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DrG's Medisense Feature Article

24032-Coriander-Cilantro Coriander and Cilantro
By Ann Gerhardt, MD
March 2024
Print Version

Coriander and cilantro come from the same plant, Coriandrum sativa.  In the U.S., the leaves and stems are called cilantro, and the ground seeds are coriander.  Cilantro contains more vitamins A, C and K and coriander contains more minerals, like magnesium, iron, zinc, potassium and selenium.  For some people, both have a pleasing taste, but super-tasters, who dislike kale, broccoli and other bitter foods, find cilantro to be unpleasant.  In cooking, cilantro is used in salsa, guacamole, chutney, curries, rice dishes and soups or as a garnish.  Overcooked cilantro and ground coriander seeds lose their flavor quickly. 

They both contain antioxidants, which, by reducing free radicals, may benefit inflammatory conditions, aging skin, dermatitis, heart and blood vessel health, blood pressure, blood sugar, cancer growth and resistance to infection.  I say may, because most of the science was done in test tubes and animals, not humans.  Cilantro may also help to rid the body of dangerous heavy metals.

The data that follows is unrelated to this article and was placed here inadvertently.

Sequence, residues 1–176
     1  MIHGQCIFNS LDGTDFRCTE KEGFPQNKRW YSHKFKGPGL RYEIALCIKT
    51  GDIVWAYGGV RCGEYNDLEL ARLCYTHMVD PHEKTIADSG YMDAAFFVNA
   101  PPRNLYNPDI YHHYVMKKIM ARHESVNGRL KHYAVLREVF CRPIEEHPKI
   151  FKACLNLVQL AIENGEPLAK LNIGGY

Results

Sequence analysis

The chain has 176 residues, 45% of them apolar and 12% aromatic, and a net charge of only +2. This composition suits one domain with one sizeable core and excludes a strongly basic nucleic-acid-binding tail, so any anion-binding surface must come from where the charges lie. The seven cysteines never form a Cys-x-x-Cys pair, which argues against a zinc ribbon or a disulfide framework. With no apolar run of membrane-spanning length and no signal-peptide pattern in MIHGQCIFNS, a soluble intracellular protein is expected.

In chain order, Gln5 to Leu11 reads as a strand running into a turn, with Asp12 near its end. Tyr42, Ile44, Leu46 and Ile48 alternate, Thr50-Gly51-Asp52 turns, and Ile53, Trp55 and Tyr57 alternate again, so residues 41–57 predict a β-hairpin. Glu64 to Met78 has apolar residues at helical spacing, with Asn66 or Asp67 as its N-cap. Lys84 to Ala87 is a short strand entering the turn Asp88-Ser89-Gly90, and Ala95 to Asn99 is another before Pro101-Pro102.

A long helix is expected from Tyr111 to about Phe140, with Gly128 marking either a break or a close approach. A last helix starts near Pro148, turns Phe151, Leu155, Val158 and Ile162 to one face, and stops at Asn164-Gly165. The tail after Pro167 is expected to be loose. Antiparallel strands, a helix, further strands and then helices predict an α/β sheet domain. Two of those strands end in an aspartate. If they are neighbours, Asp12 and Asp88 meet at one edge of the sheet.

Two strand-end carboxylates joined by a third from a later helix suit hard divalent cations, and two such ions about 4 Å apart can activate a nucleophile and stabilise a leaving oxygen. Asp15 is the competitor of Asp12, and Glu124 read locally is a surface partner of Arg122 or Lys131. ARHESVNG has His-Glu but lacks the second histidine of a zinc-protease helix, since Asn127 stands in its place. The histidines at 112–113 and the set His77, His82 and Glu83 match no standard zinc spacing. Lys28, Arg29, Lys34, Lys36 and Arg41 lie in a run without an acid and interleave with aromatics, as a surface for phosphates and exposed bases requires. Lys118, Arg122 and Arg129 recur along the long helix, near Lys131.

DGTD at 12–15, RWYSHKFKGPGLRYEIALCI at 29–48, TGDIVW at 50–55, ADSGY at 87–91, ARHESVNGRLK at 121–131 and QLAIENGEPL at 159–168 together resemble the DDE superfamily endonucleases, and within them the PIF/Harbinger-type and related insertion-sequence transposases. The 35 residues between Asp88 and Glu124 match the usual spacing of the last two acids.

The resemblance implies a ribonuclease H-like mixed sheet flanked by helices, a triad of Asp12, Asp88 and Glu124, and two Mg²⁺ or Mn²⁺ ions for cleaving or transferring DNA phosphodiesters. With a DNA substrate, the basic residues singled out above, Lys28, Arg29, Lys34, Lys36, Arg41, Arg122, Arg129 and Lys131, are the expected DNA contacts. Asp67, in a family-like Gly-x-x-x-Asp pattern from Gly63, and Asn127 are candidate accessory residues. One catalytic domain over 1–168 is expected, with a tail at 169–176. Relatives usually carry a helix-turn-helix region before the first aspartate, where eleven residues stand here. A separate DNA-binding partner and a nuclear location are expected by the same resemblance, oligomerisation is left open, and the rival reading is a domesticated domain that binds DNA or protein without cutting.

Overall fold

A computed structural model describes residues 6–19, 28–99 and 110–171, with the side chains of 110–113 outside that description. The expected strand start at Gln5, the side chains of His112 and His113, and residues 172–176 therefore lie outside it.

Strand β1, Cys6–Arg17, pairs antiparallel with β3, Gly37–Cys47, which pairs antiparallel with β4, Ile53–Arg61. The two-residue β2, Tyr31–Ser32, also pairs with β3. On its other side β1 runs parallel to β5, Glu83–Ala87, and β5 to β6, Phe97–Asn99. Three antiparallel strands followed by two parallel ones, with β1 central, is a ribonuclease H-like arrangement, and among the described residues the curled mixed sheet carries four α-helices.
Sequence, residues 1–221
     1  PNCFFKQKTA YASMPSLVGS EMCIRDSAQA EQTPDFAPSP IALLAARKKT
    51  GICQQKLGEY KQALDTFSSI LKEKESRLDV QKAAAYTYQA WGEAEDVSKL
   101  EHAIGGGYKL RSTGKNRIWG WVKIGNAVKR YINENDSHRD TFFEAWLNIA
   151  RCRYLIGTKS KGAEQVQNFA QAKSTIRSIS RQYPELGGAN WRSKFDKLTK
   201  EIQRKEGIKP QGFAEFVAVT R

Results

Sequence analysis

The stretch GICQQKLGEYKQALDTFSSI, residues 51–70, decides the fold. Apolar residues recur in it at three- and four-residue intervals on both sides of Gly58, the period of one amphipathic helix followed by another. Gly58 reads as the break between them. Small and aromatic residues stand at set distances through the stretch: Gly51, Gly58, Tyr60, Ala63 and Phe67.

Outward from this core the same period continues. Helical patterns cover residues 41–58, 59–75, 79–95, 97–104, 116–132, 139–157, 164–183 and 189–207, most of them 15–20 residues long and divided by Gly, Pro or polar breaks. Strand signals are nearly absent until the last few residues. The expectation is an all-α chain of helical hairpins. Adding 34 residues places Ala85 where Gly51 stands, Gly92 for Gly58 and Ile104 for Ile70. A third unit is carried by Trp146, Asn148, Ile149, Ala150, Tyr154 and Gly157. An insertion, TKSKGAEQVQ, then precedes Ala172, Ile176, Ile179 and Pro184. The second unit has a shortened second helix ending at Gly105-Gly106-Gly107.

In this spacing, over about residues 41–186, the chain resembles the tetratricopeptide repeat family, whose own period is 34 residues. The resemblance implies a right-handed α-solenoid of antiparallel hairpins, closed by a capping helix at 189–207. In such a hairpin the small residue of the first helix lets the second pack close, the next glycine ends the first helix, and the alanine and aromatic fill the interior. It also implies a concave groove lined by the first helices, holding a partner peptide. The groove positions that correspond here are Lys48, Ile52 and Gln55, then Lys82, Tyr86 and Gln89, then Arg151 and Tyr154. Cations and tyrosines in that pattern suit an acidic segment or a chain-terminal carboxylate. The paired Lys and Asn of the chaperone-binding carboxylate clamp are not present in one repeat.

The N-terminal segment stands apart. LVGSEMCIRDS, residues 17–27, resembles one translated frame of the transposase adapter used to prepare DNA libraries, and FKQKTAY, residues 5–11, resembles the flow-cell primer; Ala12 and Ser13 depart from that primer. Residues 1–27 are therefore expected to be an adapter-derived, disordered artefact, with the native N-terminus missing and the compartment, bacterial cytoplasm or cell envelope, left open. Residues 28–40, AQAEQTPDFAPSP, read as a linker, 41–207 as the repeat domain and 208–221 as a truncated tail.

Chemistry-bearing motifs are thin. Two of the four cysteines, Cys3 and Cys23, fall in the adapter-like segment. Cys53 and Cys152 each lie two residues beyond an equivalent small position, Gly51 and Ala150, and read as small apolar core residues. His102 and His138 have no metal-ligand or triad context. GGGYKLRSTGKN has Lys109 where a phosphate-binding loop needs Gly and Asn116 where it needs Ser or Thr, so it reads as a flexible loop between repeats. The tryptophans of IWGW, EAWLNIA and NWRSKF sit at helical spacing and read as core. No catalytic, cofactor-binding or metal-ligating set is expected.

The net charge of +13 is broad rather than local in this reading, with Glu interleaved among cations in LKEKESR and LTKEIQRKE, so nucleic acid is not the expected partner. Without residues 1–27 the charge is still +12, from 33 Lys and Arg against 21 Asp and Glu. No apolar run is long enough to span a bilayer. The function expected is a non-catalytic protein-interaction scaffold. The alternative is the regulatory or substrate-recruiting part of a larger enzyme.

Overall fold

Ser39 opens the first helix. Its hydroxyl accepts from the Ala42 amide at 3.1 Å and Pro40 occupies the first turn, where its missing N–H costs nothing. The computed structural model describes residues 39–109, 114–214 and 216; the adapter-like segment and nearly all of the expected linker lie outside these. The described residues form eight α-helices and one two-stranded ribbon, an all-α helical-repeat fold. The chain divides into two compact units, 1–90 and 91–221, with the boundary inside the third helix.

Eating a lot of cilantro or coriander may cause excess gas, abdominal pain or cramps, allergy symptoms, vomiting or diarrhea.  They contain oxalic acid, which might contribute to kidney stones.  Cilantro leaves must be washed to rid them of possible bacterial contamination.  Because cilantro is high in vitamin K, those taking blood thinners should not eat much of it.  The rest of us should remember that Cilantro is another green, leafy vegetable with an interesting flavor, and as such we should consider including it in our diets.